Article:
ZorbaTHut's answer is probably what you seek, but nevertheless I'd like to enhance it a bit.
Something that I sadly hear too much is that “it’s not illegal to copy someone’s style”. Sure, if you create an illustration that is completely derivative of someone else but not a direct rip-off or tracing, they might have a hard time suing you. That doesn’t make it OK to make derivative work.
What Jessica is trying to emphasize throughout her post is that there is a difference between being inspired by some art and trying to imitate/copy/trace it (tracing is the process of "following"/tracing the outline of some art, and then simply colouring it or at least changing it slightly).
As for what portions of a game can and cannot be protected:
- The concept of a game cannot be protected -- you can make as many games as you want about plumbers who smash things with their
- The code itself is protected by copyright, but you only violate copyright by duplicating said code -- in other words, you looked at
their code and replicated it, or used their code verbatim somehow.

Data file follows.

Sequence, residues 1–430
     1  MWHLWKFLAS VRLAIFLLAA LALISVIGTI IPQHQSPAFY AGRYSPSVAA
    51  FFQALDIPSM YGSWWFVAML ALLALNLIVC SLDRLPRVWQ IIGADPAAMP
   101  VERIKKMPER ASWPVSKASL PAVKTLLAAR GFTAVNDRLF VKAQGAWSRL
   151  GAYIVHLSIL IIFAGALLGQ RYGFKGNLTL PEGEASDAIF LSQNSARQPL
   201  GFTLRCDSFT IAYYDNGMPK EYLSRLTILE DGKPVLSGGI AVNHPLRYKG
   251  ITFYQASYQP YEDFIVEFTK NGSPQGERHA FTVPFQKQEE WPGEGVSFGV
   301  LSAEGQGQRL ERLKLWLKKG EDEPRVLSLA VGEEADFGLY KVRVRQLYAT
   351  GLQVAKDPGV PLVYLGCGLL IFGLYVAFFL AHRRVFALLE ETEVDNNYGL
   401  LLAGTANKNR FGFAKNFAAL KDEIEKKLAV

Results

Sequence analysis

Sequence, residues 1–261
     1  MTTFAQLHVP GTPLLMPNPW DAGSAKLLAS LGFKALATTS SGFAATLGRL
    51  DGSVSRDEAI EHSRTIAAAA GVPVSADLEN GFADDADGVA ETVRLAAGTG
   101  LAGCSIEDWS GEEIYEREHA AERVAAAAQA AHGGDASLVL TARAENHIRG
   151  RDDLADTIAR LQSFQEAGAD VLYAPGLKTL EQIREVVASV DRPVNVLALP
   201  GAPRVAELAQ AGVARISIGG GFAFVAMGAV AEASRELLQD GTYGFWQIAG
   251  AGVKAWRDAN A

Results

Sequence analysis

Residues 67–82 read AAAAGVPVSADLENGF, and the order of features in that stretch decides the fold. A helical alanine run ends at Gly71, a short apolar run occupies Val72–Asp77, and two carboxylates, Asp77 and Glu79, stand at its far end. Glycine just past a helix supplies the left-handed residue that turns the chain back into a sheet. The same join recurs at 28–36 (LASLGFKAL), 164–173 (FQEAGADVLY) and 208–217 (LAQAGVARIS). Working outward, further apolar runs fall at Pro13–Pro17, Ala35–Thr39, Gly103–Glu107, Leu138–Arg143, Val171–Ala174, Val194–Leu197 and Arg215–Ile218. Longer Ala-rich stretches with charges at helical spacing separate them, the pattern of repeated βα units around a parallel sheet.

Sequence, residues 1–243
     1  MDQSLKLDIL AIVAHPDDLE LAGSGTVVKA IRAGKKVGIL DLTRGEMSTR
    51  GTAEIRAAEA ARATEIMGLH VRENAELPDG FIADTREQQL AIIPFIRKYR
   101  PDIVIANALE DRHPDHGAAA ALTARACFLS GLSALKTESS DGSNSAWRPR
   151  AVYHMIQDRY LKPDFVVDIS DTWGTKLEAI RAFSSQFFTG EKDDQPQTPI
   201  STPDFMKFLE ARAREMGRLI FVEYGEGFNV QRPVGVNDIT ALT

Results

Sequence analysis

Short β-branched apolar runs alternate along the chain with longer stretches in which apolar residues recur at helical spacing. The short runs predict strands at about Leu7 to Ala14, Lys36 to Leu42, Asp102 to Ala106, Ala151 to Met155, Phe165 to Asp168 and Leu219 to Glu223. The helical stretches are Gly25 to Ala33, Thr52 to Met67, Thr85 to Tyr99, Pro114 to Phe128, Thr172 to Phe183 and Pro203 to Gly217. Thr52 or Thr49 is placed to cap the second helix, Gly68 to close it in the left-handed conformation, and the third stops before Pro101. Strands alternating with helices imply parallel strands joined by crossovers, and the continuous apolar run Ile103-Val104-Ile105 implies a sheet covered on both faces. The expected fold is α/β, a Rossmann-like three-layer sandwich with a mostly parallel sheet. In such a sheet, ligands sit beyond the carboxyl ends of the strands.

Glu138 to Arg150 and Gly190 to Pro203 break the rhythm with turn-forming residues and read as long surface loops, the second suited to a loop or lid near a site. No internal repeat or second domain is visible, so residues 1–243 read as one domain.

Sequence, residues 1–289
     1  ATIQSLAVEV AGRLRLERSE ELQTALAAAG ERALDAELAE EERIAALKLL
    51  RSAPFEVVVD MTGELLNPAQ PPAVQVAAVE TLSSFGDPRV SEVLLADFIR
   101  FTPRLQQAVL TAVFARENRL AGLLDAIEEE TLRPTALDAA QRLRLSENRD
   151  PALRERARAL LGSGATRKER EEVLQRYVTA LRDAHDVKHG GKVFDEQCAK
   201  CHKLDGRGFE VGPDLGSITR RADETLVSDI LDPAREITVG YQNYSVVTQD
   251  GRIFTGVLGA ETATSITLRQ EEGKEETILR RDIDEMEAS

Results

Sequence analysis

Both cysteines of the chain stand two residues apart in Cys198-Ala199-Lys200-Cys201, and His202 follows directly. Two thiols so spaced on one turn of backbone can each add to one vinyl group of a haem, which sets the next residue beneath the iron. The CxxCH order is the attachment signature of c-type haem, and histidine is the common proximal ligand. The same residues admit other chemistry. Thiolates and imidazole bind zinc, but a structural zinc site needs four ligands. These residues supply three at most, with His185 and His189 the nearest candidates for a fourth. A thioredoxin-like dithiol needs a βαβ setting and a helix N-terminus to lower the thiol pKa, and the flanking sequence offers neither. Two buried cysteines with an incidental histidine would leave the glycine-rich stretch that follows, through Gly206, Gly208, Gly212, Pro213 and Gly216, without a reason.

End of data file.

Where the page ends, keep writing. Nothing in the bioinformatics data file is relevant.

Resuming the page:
- The code itself could conceivably contain algorithms that are patented, which would be protected -- If the algorithm is core to the
game in some way, you'd have to figure out an alternative
implementation that achieves the same thing, and it can't be a trivial
transformation of the original algorithm.
- Artistic elements -- graphics, sound, music, level design, etc -- are protected by copyright at a minimum. You can't replicate these things verbatim.
- Some artistic elements that are unique and highly recognizable are also protected by trademark -- trademark protects firms from
replicas that are meant to pass themselves off as the original -- You
can make graphics for a blue plumber that likes to jump on tortoises
just fine, but he better not have a mustache, be named "Nario", and
speak with an Italian accent. Trademark is essentially about
counterfeiting, its still a violation even when you change small
things if the purpose is to deceive customers, or otherwise mooch of
the good name of the authentic item.
I found some wonderful site on fangame copyright issues long ago that I couldn't find again right now, but the author's final advice would be something like this:
If you are in doubt whether what you've created is violating copyright, DON'T use it.
If you really have to (completely) copy art, characters or mechanics from another game, then your game isn't really worth publishing to the world. Bring in your own twist, invest in your game's design, create new and exciting characters, storyline and mechanics, even use "programmer's art" in order to express yourself!
Thus, why use dots and a yellow/blue/whatever sliced pizza as a character? Create a chipmunk collecting nuts, create a farmer collecting eggs while being hunted by angry chickens (lol), something different, something exciting! :)